This article surveys recent work on some issues in the ethics of food consumption. It is a companion to our piece on food justice and the ethics of food production.
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  15.  31
    Food Ethics, Edited by Ben Mepham.Hugh Lehman - 1997 - Journal of Agricultural and Environmental Ethics 10 (2):203-205.
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  16.  52
    Food Ethics: Issues of Consumption and Production: Self-Restraint and Voluntaristic Measures Are Not Enough. [REVIEW]Rob Irvine - 2013 - Journal of Bioethical Inquiry 10 (2):145-148.
  17.  70
    Food Ethics: Paul Pojman , 2011, Wadsworth/Cengage Learning.Ben Mepham - 2013 - Journal of Bioethical Inquiry 10 (2):249-251.
    None of us can avoid being interested in food. Our very existence depends on the supply of safe, nutritious foods. It is then hardly surprising that food has become the focus of a wide range of ethical concerns: Is the food we buy safe? Is it produced by means which respect the welfare of animals and sustain the land? Are modern biotechnologies employed in food production immoral? This book addresses such issues by applying ethical principles to (...)
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  18.  35
    Consumer Ethics, Food Ethics, and Beyond.Mark Budolfson - 2020 - In College Ethics: A Reader on Moral Issues that Affect You, 2nd Edition. Oxford: Oxford University Press. pp. 582-596.
    When is it wrong to buy something? Is it wrong whenever the product was produced unethically? What if your purchase doesn’t make adifference to whether the unethical practice continues? What about purchasing and eating animal products specifically? And however answer all those questions, how should we engage with people who act wrongly as consumers? In this essay, Mark Budolfson provides some tools for thinking more clearly about these questions, arguing that we need to be careful to separate our assessment of (...)
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  19.  1
    Food Ethics of the Early Buddhism and Its Moral Educational Implications. 장승희 - 2018 - Environmental Philosophy 26:5-34.
  20.  21
    Consumer Food Ethics: Considerations of Vulnerability, Suffering, and Harm.Yana Manyukhina - 2017 - Journal of Agricultural and Environmental Ethics 30 (4):595-614.
    Over the past years, various accounts of ethical consumption have been produced which identify certain concepts as central to mediating the ethical relationship between the consumer and the consumed. Scholars across disciplinary fields have explored how individuals construe their ethical consumption responsibilities and commitments through the notions of identity, taking care and doing good, proximity and distance, suggesting the centrality of these themes to consumer engagement in ethical practices. This paper contributes to the body of research concerned with unravelling consumers’ (...)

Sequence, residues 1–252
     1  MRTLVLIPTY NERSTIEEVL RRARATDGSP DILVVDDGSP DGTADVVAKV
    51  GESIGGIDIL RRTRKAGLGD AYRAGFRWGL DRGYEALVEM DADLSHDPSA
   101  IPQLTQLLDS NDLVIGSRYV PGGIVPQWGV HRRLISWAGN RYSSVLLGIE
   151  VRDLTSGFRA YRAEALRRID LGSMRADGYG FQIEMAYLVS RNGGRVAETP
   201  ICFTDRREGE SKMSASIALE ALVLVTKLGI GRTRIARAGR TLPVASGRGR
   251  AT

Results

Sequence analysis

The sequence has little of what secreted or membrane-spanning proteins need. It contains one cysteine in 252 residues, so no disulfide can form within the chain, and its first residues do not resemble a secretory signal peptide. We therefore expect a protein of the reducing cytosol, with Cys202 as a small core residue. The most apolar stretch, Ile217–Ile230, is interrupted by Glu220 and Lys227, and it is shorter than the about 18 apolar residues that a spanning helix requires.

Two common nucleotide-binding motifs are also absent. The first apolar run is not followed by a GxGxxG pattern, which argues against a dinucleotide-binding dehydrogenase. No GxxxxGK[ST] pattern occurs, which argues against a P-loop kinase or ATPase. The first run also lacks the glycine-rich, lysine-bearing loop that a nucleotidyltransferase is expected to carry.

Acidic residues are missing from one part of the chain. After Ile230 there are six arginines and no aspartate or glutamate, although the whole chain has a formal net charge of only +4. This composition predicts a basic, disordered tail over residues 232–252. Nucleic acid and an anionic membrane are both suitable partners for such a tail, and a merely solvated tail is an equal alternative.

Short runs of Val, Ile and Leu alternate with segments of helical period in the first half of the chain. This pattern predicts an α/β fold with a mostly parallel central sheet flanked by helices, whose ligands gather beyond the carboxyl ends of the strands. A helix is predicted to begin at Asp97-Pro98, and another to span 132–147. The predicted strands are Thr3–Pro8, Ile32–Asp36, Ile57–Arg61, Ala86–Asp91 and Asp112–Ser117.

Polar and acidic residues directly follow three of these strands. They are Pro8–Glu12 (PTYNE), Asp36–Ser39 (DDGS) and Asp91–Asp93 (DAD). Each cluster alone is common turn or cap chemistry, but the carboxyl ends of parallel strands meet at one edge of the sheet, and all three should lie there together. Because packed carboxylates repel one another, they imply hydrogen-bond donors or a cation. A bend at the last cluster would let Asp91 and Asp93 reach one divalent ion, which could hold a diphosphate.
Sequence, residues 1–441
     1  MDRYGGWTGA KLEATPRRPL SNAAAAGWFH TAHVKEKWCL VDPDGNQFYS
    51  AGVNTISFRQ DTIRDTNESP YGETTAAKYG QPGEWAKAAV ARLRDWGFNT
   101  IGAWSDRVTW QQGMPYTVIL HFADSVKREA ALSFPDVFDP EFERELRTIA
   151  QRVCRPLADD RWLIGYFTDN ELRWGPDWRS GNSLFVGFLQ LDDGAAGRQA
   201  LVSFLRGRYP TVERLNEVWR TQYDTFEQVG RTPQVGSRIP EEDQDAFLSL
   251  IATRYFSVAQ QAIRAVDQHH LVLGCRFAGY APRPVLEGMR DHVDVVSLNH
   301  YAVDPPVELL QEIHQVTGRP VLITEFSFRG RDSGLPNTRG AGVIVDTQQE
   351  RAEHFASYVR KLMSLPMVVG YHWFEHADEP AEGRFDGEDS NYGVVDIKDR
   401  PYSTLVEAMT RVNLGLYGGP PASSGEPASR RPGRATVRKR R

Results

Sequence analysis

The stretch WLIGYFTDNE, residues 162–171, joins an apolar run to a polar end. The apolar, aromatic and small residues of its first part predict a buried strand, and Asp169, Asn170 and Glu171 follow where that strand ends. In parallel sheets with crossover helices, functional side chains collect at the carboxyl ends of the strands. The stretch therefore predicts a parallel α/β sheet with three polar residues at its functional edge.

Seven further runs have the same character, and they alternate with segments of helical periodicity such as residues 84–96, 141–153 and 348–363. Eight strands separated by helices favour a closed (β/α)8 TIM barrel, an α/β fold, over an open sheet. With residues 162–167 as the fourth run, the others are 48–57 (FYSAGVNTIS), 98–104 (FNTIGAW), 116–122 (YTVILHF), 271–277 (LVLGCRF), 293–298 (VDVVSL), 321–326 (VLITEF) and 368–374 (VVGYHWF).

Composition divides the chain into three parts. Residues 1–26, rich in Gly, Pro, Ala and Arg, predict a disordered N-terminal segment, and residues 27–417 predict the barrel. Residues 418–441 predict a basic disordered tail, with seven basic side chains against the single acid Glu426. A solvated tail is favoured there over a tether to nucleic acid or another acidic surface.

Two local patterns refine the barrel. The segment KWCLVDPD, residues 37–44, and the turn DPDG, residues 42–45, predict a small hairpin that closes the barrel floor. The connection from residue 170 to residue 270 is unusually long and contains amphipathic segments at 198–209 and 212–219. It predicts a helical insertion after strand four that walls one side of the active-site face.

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  21.  13
    Food Ethics: A Wide Field in Need of Dialogue.Matthias Kaiser & Anne Algers - 2016 - Food Ethics 1 (1):1-7.
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  22.  18
    From Field to Fork: Food Ethics for Everyone.Paul B. Thompson - 2015 - Oxford University Press USA.
    After centuries of neglect, the ethics of food are back with a vengeance. Justice for food workers and small farmers has joined the rising tide of concern over the impact of industrial agriculture on food animals and the broader environment, all while a global epidemic of obesity-related diseases threatens to overwhelm modern health systems. An emerging worldwide social movement has turned to local and organic foods, and struggles to exploit widespread concern over the next wave of (...)
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  23.  14
    Food Ethics.Ben Mepham (ed.) - 1996 - Routledge.
    None of us can avoid being interested in food. Our very existence depends on the supply of safe, nutritious foods. It is then hardly surprising that food has become the focus of a wide range of ethical concerns: Is the food we buy safe? Is it produced by means which respect the welfare of animals and sustain the land? Are modern biotechnologies employed in food production immoral? This book addresses such issues by applying ethical principles to (...)
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  24.  31
    Food Ethics.Ben Mepham (ed.) - 1996 - Routledge.
    None of us can avoid being interested in food. Our very existence depends on the supply of safe, nutritious foods. It is then hardly surprising that food has become the focus of a wide range of ethical concerns: Is the food we buy safe? Is it produced by means which respect the welfare of animals and sustain the land? Are modern biotechnologies employed in food production immoral? This book addresses such issues by applying ethical principles to (...)
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  25. A Short History of Food Ethics.Hub Zwart - 2000 - Journal of Agricultural and Environmental Ethics 12 (2):113-126.
    Moral concern with food intake is as old asmorality itself. In the course of history, however,several ways of critically examining practices of foodproduction and food intake have been developed.Whereas ancient Greek food ethics concentrated on theproblem of temperance, and ancient Jewish ethics onthe distinction between legitimate and illicit foodproducts, early Christian morality simply refused toattach any moral significance to food intake. Yet,during the middle ages food became one of theprinciple objects of monastic programs (...)
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  26.  27
    Food Ethics.Colin Patrick - 2012 - Teaching Philosophy 35 (1):99-101.
  27. Review of Food Ethics[REVIEW]Mark Fisher - 1998 - Environmental Values 7.
     
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  28. The Oxford Handbook of Food Ethics.Daniel Kelly & Nicolae Morar - forthcoming - Oxford University Press.